I did a seminar about college essays at an admissions event today.  And I gave parents the advice I've given for my entire career as a college counselor about how parents can best help their kids with college essays. 

Don't get involved.  Stay away.  In fact, run the other direction. 

Parents are the worst judges of their own kids' college essays.  You are not impartial observers.  You love your kids too much, and you are way too close to the subject matter to advise your son or daughter what and how to write in their college essays.

Most kids resent their parents' involvement in the college essay anyway.  And the colleges can always tell when you got too involved.  Kids think and write differently than parents do, and you'd be surprised how obvious is it to the trained reader when too many of the ideas or the words came from Mom or Dad. 

I know what some of you are thinking.  Some of you are thinking I'm wrong.  Every time I give this advice to a crowd, there's one parent who scowls at me.  It's inevitably a parent who inserts herself into everything her kid is doing.  It's the parent who's sure that she's the exception to the rule. 

She's not.  And neither are you. 

So preserve your family relationship and the purity of the essays. 
Stay out of them.  Help with other things like planning college visits,
and filling out financial aid forms and cheering your kids on
throughout the process.  But when it comes to college essays, remove
yourself from the process.  Your kids and the colleges will thank you for it.

Do you have a favorite book?

I don't necessarily think that every student has to love to read.  But I do think every kid—every adult, too, really—should have a favorite book.

If you love to read, that's wonderful.  Read like your hair is on fire.  There are few interests that will make you think more analytically, argue more persuasively, and write more clearly than reading will.

But even if you don't love reading, it's a great way to take whatever your passion is to a logical extreme.

If you love to play the saxophone, who's your favorite saxophonist?  Why not read a biography about him or her?  Or read a book about music theory, or the building of brass instruments?  Or read about life as a member of a college marching band, or about the history of jazz.  It doesn't matter what you read about.  Let your interest be your guide. 

If you love football, why not read a book about how to coach defense, or about your favorite team, or your favorite quarterback?

If you love computers, why not read a book about programming?  Why not read ten books about programming and learn ten different languages?  Or read a biography about Steve Jobs or Bill Gates?  You could read about video games or the history of the internet or about how Facebook was created.

Here's the bottom line—smart, motivated people like to throw themselves into their interests.  They want to know as much as they can about what they're doing because that's how you get good at it.

So if you don't have a favorite book, why not make it a goal to find one?  Lots of colleges will ask you what your favorite book is.  And they won't care if it's a classic work of literature or a biography about your favorite band.  If you read it, it shows you were interested enough to want to learn something.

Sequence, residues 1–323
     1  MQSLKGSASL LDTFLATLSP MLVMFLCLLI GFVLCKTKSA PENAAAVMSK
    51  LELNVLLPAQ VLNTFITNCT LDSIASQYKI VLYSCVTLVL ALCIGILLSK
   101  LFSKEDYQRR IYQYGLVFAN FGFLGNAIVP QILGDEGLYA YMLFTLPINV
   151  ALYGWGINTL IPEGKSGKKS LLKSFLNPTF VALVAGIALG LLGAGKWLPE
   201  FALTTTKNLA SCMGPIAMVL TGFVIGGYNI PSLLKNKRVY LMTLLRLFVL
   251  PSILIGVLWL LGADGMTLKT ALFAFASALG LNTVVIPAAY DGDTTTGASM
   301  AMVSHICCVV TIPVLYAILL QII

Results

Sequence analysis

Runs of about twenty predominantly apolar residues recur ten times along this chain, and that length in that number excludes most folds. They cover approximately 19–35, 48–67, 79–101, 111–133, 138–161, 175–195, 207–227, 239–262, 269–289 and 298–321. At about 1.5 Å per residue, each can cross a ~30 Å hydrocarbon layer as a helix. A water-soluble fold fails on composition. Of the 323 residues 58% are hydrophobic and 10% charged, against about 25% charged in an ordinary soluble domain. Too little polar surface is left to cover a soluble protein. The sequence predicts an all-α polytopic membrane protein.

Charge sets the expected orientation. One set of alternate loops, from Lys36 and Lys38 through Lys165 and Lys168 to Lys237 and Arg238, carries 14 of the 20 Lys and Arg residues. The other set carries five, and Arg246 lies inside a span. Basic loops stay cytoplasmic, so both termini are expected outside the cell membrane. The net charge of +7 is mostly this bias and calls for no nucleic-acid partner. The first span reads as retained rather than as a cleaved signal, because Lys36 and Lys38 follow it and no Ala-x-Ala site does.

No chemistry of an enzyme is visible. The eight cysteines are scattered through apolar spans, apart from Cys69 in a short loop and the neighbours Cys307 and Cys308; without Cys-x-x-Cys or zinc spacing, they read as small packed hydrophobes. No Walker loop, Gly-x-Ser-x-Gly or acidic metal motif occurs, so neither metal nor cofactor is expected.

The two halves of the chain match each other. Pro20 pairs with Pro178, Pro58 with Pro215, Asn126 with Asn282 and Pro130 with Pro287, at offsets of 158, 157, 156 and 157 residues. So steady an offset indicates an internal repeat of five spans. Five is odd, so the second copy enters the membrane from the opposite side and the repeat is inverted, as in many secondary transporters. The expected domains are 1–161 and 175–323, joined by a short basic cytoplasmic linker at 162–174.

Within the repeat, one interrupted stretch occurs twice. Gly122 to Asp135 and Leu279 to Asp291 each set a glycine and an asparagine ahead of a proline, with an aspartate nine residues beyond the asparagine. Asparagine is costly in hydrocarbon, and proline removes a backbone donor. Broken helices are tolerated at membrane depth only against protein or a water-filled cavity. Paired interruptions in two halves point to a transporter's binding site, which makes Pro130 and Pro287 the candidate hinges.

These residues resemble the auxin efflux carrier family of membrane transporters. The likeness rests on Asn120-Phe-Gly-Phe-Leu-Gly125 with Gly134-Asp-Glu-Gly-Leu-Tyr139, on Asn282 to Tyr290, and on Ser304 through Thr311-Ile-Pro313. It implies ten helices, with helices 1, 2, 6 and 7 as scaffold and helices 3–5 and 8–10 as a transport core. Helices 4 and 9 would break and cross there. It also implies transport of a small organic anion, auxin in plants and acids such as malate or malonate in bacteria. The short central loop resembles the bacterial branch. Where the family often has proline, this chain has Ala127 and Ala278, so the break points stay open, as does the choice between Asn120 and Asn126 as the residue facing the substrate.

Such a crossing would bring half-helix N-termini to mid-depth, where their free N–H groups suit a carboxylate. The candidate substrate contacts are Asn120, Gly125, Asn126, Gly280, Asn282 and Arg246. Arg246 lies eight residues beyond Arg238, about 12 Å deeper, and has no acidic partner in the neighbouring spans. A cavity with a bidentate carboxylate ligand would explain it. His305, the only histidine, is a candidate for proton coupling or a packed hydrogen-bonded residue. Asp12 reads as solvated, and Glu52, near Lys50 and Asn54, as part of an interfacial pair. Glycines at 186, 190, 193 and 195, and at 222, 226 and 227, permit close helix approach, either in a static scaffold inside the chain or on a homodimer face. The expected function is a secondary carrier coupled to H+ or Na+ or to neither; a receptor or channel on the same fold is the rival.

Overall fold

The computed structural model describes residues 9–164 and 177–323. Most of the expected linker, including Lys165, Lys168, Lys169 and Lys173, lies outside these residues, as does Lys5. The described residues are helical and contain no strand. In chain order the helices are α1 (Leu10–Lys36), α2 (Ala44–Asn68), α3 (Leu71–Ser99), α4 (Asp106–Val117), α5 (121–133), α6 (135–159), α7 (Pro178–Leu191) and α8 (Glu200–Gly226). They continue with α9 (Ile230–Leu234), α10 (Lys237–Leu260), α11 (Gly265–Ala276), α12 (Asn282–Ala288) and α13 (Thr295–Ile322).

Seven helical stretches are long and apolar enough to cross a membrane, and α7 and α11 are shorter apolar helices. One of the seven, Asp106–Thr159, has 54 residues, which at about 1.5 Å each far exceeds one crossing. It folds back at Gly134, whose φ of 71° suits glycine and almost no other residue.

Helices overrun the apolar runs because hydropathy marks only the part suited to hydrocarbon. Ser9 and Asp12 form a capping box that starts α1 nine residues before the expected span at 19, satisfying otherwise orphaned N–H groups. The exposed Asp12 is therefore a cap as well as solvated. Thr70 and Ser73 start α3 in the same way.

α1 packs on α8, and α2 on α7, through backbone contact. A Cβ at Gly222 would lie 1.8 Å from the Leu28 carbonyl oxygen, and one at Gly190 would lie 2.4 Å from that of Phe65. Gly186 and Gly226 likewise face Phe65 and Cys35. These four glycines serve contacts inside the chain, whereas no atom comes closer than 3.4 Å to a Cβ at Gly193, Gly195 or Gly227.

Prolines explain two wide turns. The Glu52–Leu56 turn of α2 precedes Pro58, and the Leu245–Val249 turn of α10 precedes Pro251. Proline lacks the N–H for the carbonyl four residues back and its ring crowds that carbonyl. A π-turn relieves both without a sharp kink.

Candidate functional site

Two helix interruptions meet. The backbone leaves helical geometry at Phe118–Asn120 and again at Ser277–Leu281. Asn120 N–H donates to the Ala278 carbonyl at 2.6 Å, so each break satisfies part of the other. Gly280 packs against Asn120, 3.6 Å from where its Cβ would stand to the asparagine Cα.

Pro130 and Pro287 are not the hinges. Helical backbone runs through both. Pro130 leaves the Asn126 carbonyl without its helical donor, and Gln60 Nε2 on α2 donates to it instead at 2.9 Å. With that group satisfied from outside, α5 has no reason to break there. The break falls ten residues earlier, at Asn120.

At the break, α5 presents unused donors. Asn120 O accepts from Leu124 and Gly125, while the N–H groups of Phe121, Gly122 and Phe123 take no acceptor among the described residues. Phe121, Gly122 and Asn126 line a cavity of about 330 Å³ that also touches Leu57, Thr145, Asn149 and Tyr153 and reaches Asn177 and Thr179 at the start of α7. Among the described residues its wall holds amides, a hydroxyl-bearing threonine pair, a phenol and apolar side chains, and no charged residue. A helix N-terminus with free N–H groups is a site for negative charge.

Ten not-so-easy college search questions for juniors

Last weekend, I gave our "How to Find the Right Colleges for You" seminar for our Collegewise junior families.  Here are ten questions I recommended our juniors consider while searching for colleges.

1.    Why do you want to go to college?

2.    Do you think you’re ready to go to college?

3.    How do you like to learn?

Do you work best when the material is interesting?  When the teacher is great?  Or when you can sense the competition with other students? Do you enjoy classes with a lot of discussion?  Or do you prefer to do more studying on your own.

4.    What would you like to learn more about?

5.    How hard do want to work academically? 

6.    Do you have any idea what you want to do with your life?

7.    What would you like to be doing on a typical Tuesday night in college?  What about on typical Saturday night?

8.    How do you like the place where you live now?  Would you like to be someplace similar or different for college?

9.    Do you want to be with students who are like you, or different from you?

Ask yourself, “Am I more comfortable being around a lot of people who are
similar to me? Or Am I excited to meet new people who are very different
so I can learn from them?”  Differences can come in lots of forms, by the way, like ethnicity, sexual orientation, where they’re from, whether or not they drink, etc. 

10.    When you envision yourself in college, what parts of it are you most excited about?

Students who really think about these questions don't just find the right colleges–they get in, too.

Savoring moments of laughter in the college search

From yesterday's "The Choice" blog:

"As a parent, it’s so easy to get sucked into what has been described
as a gut-wrenching, grueling, ridiculous, harrowing (I could go on and
on) process. When I bumped into a friend at the bagel store last week
whose son had just decided where he’ll be going to college next year,
she looked at me and said, 'You are in for the worst time between now
and next year.'”

I grabbed my bagels, got in my car and thought about what she said.
What could be so bad? Is anyone sick? Going to jail? Nope. I continued
on with my day."